Living Without a Car

My husband Max and I live without a car. To be fair, our lives are not "car-free." "Car-reduced" might be accurate. We call a cab, rent a car, or borrow a truck for occasional trips out of town or hauling. But those occasions are rare. Cycling is our default; public transit is our primary backup.

First of all, why? Max and I each made this lifestyle choice before we met. For me, it was environmental---I didn't care to participate in the pollution and greenhouse gas produced by automobiles. For Max, it began as an athletic challenge and evolved into a pro-environment philosophy: "Question combustion." Both of us strongly believe that life is better without a car. If the rest of humanity came to the same conclusion, what a wonderful world this would be.

Financially, the advantage of bikes is clear. Our budget is never cluttered by car insurance, repairs, gas, and parking. We each spend about $200/year on bike maintenance. And you can buy the bicycle equivalent of a Mercedes for maybe $3,000. (My bike costs significantly less.)

We are also healthier than we would be if we sat behind the wheel. Max's co-workers have teased him that his lunch is a bit high in carbohydrates---"Haven't you heard of Atkins?" Max cycles over 5,000 miles per year, so, needless to say, Max eats what he wants. My annual mileage is less impressive. But, even so, my commute to work last year gave me 40 minutes of exercise (20 minutes each way) rain or shine...or sleet or snow. I have no doubt that my back was happier for the ride. It isn't always easy to cycle through winter, but I warm up a lot faster cycling than belted into a freezing pleather seat.

The decision to use a bike as one's main transportation also precipitates other lifestyle decisions. For example, we deliberately choose to live near work, groceries, and entertainment. Car-reduced living encourages high-density residential zones, which is good for the environment, local business, and the character of our communities.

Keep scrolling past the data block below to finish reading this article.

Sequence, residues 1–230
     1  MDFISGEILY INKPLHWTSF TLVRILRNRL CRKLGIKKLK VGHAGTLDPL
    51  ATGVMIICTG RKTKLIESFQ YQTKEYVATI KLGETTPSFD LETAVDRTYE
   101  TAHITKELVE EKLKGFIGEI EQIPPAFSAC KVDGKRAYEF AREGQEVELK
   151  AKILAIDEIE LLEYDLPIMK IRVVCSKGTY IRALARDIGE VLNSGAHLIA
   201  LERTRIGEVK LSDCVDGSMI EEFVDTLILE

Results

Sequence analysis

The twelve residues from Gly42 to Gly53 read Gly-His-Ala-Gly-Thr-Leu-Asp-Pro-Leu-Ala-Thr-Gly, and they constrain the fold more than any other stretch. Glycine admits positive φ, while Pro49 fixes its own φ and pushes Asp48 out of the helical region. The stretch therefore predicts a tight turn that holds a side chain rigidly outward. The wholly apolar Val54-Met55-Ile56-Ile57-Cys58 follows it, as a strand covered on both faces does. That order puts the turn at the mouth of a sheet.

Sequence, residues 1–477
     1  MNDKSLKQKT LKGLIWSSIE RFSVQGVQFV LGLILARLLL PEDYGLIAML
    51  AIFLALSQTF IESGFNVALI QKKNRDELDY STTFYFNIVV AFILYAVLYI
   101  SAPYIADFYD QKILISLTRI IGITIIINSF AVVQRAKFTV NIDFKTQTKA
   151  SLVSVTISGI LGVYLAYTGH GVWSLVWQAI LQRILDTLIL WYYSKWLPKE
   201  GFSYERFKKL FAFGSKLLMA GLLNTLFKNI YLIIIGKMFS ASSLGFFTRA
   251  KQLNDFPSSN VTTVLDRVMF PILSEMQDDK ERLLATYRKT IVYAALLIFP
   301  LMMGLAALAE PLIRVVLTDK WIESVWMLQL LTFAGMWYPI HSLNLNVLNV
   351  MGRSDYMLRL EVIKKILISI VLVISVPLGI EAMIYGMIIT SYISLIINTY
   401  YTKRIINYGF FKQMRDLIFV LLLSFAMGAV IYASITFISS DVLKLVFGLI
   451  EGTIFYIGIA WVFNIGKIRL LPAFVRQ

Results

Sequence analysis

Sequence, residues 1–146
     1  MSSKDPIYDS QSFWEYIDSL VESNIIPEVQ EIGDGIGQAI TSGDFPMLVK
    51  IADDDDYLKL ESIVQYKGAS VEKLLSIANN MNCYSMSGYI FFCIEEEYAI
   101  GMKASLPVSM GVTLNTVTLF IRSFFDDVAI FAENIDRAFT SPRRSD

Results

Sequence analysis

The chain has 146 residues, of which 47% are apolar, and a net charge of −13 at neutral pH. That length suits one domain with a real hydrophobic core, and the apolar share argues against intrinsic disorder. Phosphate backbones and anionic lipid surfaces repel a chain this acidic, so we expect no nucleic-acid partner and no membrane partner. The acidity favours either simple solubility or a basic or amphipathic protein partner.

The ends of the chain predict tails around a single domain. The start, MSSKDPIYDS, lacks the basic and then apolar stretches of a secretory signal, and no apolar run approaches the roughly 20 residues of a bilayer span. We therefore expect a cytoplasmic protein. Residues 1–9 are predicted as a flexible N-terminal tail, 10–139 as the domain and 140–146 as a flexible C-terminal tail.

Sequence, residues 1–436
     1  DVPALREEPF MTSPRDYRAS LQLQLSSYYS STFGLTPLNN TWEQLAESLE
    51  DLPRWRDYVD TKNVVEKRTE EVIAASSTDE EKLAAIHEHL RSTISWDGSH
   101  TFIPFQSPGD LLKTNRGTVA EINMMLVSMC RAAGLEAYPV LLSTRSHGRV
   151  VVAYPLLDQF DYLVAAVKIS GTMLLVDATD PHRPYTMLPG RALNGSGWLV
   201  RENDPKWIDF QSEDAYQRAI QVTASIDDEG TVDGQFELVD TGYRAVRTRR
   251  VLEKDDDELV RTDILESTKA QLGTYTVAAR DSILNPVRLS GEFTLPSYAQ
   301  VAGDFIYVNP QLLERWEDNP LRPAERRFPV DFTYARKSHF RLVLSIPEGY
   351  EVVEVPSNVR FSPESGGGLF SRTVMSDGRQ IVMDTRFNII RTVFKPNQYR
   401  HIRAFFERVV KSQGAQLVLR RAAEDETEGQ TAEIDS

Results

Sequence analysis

I have lived sans car in small towns and major cities, East Coast and West Coast. In my student days, on my old clunkers I had a radius of about 15 miles from my home. Because I chose my residence carefully, I could do everything I needed to do within that area.

Meeting Max introduced me to a different dimension of living by bike. Unlike me, Max invests in high-quality parts and maintains them carefully so that our bikes are pleasant to ride and trustworthy on long trips. Under this new strategy, my adventure radius has doubled. Apple picking 30 miles from home? No problem. For our honeymoon last summer, we took a bike adventure and logged over 800 miles in three weeks. Of course, Max is on a whole different scale. He has biked from northern Norway to southern Italy, and commonly pops out for a 140-mile ride on Sundays.

Many kind souls have offered me their car to go grocery shopping. "Otherwise, how will she eat?!". But a bike basket and bungee (or panniers) are plenty spacious for my grocery purchases. And you can put ridiculous loads on our recently acquired 8-foot Bikes-at-Work trailer. We use it for groceries; Max hauls his company's recycling with it; we have even moved house, including all furniture, using only the trailer. We do get some quizzical looks from pedestrians, but also many smiling thumbs up.

Is traffic a problem? We recommend "Bicycling Street Smarts," by John Allen (also available in on-line form at for traffic safety tips. Riding in city traffic takes practice, just like driving a car in traffic. As a mild-mannered California native, I refuse to drive a car in Boston's nutty traffic. But after a year here, I find cycling fine.

All in all, it works. We don't think about our car-reduced life very much, except when we contemplate moving cities. And sometimes when we buy new toys---like our recumbent tandem bicycle---that those poor driving folks might never get to try.